Top 5 strategies to hold on to software developers
With the world of technology racing in light speed, the pressure for companies to find an apt and able software developer increase. If at all a company finds a good software developer, there is a constant need of holding on to them and for this, you need to up your game.
Since we always know both employee and employer’s side of the story, we, from a third person’s perspective, have noticed certain trends emerging. To keep up with these, simply by observing the strategies used by companies, we have formulated what works and what does not. Here are the steps you should be following.
1. Start thinking about retention when recruiting
An employee might get hundreds of offers from other company, but they still wouldn’t even consider them if they are comfortable and happy with the current one. Making them satisfied with their current job is partially your job and it starts right when you interview them for the position.
Make sure you have your company culture elaborately explained to them. More than being there for the paycheck, the candidate should choose your company because they fit in. Let all candidates know about your company culture and chose the candidate who is promising and motivated to work in the culture. Comfort and satisfaction in the work place guarantees retention and optimum output.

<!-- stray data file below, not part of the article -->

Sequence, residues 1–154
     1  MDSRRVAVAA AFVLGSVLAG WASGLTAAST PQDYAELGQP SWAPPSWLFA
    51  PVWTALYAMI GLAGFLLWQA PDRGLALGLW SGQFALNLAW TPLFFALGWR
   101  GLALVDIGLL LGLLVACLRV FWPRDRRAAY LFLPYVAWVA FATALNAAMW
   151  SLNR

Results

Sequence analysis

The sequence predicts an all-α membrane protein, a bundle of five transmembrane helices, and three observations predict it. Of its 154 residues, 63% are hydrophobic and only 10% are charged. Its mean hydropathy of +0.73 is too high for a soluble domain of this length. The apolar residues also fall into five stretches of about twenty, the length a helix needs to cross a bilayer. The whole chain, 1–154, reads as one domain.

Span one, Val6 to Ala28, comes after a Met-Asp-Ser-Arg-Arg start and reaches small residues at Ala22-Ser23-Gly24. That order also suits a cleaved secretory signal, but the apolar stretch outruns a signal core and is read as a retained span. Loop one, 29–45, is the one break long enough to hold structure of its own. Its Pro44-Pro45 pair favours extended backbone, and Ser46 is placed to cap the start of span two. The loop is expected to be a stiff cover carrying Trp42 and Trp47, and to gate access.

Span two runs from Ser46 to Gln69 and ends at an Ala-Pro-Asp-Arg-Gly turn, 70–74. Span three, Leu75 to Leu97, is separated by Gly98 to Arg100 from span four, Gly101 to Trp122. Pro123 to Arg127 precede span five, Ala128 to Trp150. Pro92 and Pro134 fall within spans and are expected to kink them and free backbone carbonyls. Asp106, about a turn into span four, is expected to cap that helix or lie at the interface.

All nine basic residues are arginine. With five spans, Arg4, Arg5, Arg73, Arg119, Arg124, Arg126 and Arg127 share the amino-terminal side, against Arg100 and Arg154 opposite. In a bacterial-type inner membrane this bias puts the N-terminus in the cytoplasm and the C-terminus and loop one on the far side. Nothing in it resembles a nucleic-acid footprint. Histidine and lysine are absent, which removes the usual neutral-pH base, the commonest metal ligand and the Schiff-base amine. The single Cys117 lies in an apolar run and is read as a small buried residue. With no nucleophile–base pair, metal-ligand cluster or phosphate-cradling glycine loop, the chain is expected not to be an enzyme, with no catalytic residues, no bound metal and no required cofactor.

It is crucial for the management and developer to share the company culture and not just say you have one while practice something else. This will reflect in the employees work as they will feel deceived. When you have employees who leave your company, as unfortunate as that is, make maximum use of it. Get a proper feedback as to why they left and now that they are not a part of the company, they can openly criticize it and the company can gain from a loss.
2. Find out if they’re happy
It is crucial for every company to not just know but understand the phrase ‘money doesn’t buy you happiness.’ When an employee expresses their dissatisfaction in the company, your argument should not be that they are paid well. No amount of money in the world will make a person stay at the place if they feel mentally trapped.
You cannot expect employees to tell you their problems in the company as it is human nature to to fear the repercussions. Hence, take an initiative in finding if employees are happy.
Anonymous suggestion boxes are one way of finding out the problems faced by employees. This way, the employees do not fear the consequences and they can freely talk about their problems giving you a clear-cut idea of how to create a better environment for the employees.
A way to know if the employee is happy is through referrals. An employee wouldn’t suggest the company to an acquaintance if they themselves are not happy in the place. Hence, you do not get any referrals from your employees, it might be time to do some leg work and find out how to make the place better for them.
3. HR and Management need to understand software development